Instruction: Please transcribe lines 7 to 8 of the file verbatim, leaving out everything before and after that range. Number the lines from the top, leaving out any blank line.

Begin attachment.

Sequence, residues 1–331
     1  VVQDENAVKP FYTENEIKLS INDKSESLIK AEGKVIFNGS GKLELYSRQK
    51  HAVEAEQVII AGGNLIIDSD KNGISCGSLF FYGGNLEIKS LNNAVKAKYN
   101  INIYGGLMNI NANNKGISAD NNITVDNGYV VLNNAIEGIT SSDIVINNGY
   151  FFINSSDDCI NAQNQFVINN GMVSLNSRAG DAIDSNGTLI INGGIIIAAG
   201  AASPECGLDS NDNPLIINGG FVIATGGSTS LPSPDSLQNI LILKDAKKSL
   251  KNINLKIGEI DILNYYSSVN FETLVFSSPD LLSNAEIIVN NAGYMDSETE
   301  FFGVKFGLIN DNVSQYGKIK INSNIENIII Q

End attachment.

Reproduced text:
   251  KNINLKIGEI DILNYYSSVN FETLVFSSPD LLSNAEIIVN NAGYMDSETE
   301  FFGVKFGLIN DNVSQYGKIK INSNIENIII Q